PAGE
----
Most often when death occurs there is a fair bit of support; medical and professional staff from the health care system, expert staff from the funeral home, and perhaps hospice or therapy if needed. There is usually strong support from friends, family members and co-workers too. Everyone is focused on the tasks at hand and generally speaking very supportive.
As time passes and the funeral ceremony is complete the level of support starts to naturally dwindle. Obviously the help from the health care system winds down, professional support from the funeral home or crematorium ends. The support from friends and family slowly diminishes as everyone gets back to their own lives.
In a matter of days, more often weeks, the beehive of activity subsides and things including you are expected to get back to normal. All of a sudden it seems you may feel like you are on your own, and in many cases you can be. Friends at work may not know what to say to you and may hang back because they don’t want to upset you. Neighbors may get back to life as it was before the death. Many people may be done with their grief process, though you may not be. You could feel alone in your post funeral slump.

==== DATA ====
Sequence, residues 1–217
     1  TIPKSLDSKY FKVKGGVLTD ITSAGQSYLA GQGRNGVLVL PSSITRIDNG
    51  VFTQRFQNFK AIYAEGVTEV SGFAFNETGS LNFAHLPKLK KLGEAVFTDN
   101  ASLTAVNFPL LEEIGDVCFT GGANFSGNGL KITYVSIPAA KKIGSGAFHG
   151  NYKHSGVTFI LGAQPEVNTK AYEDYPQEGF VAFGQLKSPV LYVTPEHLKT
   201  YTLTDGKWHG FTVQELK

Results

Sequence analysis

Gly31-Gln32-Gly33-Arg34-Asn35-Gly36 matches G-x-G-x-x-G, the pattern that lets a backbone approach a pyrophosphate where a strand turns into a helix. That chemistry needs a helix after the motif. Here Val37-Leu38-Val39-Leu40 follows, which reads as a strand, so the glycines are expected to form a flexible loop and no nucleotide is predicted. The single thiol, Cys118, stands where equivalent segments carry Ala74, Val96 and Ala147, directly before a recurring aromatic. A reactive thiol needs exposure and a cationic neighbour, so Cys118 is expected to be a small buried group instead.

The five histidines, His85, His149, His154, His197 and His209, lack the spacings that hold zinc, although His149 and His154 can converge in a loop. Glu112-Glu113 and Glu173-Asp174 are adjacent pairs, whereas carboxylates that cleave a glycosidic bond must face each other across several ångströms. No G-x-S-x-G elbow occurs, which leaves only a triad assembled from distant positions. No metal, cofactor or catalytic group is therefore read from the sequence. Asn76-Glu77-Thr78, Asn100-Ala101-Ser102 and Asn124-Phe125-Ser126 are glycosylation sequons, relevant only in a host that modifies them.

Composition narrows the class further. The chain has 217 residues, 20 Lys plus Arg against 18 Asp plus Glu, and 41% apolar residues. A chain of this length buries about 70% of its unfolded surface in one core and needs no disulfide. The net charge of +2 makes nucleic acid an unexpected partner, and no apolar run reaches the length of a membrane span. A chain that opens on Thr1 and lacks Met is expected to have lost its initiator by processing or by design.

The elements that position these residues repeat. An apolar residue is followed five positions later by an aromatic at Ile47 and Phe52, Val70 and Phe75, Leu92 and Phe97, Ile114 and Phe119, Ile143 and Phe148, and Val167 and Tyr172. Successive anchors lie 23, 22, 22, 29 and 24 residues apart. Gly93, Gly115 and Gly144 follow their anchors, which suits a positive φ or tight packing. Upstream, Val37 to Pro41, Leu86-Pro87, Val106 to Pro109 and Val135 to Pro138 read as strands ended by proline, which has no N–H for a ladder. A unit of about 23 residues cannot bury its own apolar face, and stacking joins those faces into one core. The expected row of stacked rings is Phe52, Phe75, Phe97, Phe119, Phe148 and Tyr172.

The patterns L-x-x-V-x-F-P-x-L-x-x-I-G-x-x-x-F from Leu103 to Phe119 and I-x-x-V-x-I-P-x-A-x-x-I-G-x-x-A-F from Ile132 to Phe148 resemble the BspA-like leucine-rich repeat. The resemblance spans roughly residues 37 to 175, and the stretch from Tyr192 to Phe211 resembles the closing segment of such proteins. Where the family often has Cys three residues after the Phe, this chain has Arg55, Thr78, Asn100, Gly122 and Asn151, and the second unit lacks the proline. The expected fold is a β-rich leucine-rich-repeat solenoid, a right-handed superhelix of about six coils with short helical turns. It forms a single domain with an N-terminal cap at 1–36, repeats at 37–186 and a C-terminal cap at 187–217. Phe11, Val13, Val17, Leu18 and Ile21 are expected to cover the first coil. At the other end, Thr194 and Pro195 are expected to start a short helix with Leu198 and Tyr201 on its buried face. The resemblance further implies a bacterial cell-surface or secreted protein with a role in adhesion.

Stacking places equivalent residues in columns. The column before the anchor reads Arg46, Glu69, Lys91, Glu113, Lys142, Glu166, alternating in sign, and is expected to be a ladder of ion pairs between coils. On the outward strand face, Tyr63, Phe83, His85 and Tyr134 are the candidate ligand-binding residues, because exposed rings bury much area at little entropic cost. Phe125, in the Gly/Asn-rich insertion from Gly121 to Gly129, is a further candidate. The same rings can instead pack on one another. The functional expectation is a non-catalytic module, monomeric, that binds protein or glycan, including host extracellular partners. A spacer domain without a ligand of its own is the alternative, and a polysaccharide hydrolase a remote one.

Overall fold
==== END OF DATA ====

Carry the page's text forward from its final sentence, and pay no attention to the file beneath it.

Although this is not intentional, it often is quite a predictable path. Knowing this and not taking it personally you can expect this lull in contact, support and attention. In order to prepare for this change make plans for you and your family to spend quality family time together. Help you children plan sleepovers and outings. Plan enjoyable events and gatherings for yourself too! These plans are not to distract you from your natural grief process, more to bring a better balance back in to your life.
If you are living alone it can be a real shock to go from close quarters and lots of contact with others to being on your own. It can be easy to slip into a lonely life and a form of depression. Be sure to set up ‘dates’ with friends, co-workers and family. You could join a social group or exercise club.
Again, this strategy is not to avoid healthy alone time when you can grieve on your own, it is to make sure you have good balance in your life. Too much contact can be overwhelming and too much alone time can be avoidance. If you have a tendency to be a bit of a lone wolf, it might be a good idea to ask your close friends to help you create a well-balanced social calendar for a month or two after the death.
Either way, living in a family setting or alone, it is important to expect the post funeral slump in attention and support and also in your mental state. This awareness and some good planning will help you regain important balance in your changed life.